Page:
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expert reaction to study looking at negative emotions (including anger and anxiety) and measures of blood vessel function

A study published in the Journal of the American Heart Association looks at the effect of negative emotions on blood vessel function. 


Prof Riyaz Patel, Professor of Cardiology, UCL; and Consultant Cardiologist, St Bartholomew’s Hospital, London, said:

“Blood vessels are active structures and not just simple tubes.  They have an inner lining called the endothelium, which very meticulously controls things like how relaxed or constricted the vessel is, and performs other functions that when impaired could lead to stiffening or furring of those vessels, which in turn can cause heart attacks and strokes.

“The researchers here asked the question about what a short term emotional state, like being angry, does to the endothelium.  They show in an elegant experiment, using young people in a very controlled environment (making sure things like temperature, noise etc. were all controlled), that recalling memories that evoke anger, causes a temporary disruption in the usually healthy functioning of the blood vessels.  This response wasn’t so clear in other states of anxiety and sadness.  They compared these states to a neutral state of just counting numbers.

“The findings fit nicely with clinical experience as well as experimental understanding that strong emotions do affect blood pressure, constriction of arteries and heart health.  We know heart attacks happen more commonly in severe emotional states, or heart pump failure occurs after sudden distressing events – including the oft quoted “broken heart” syndrome.  The mechanisms by which emotion affects the heart have remained elusive as it is difficult to study at the time of the event.  The authors here have done well to try and simulate strong emotions in a laboratory setting.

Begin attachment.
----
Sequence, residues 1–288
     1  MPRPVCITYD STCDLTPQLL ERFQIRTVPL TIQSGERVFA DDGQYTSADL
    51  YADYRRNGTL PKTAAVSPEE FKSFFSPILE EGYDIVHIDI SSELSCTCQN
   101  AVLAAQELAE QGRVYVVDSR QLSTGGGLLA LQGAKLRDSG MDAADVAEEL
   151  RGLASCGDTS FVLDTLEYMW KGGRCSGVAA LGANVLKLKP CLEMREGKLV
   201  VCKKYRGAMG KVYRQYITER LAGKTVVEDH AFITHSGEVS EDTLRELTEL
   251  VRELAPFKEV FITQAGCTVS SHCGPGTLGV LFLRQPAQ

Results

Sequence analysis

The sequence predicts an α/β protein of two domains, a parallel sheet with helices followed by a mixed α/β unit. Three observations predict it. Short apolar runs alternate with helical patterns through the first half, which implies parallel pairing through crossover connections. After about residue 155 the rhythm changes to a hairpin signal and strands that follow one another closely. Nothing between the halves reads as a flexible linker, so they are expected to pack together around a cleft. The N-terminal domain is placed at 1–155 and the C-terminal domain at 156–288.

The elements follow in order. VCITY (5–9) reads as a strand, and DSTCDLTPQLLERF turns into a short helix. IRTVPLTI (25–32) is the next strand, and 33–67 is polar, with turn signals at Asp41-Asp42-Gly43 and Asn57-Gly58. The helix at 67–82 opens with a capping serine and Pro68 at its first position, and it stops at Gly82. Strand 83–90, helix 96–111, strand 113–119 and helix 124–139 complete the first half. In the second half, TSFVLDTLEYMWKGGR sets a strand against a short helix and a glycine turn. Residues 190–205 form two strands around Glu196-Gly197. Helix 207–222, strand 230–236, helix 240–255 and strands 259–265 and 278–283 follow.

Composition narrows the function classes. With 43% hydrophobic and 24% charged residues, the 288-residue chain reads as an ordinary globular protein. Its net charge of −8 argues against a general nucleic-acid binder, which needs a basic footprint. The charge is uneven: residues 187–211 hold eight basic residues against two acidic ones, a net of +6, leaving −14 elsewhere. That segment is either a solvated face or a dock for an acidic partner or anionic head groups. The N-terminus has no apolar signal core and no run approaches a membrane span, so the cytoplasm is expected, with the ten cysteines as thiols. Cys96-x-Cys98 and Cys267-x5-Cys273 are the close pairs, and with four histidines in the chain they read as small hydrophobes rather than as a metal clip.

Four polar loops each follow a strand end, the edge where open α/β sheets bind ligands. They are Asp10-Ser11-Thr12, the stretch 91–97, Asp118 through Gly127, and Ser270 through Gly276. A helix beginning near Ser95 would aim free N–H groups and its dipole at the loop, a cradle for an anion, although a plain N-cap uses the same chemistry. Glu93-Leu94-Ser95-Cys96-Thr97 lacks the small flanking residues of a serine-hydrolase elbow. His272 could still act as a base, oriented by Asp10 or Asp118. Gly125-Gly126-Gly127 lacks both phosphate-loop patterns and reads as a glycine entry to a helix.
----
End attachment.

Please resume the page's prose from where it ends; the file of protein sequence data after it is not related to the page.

“The study is quite large for its type, and is well conducted but we should keep in mind a few things.  Firstly this was in a very artificial setting and does not necessarily equate to what happens in the real world, where emotions may last longer or be more intense – arguably the effect could be larger.  The volunteers were also all young people, whereas people who have heart attacks or strokes are usually older, so future experiments should look at these groups to better understand if the same effect is there or if it is diminished in older and perhaps stiffer arteries that are already impaired.  The technology used to measure the health of the arteries (using finger tip probes) is not perfect and the measurements do vary a lot, as seen by the wide standard deviation of the measures.  This may explain the lack of positive results for the other emotional states.  It would also have been nice to see a “happy” or opposite state to see if this also evoked a similar response or a protective response, which the researchers may consider in future studies.  Finally, the study only shows a short term change in arterial function, but it remains unclear if this has longer term effects, and what happens when someone is repetitively exposed to such emotions – do they get blunted or amplified each time?  It is likely different people will respond to these short term changes in different ways.”



‘Translational Research of the Acute Effects of Negative Emotions on Vascular Endothelial Health: Findings From a Randomized Controlled Study’ by Daichi Shimbo et al. was published in the Journal of the American Heart Association at 10.00am UK time on Wednesday 1 May 2024.


DOI: 10.1161/JAHA.123.032698



Declared interests

Prof Riyaz Patel: “No relevant disclosures.”

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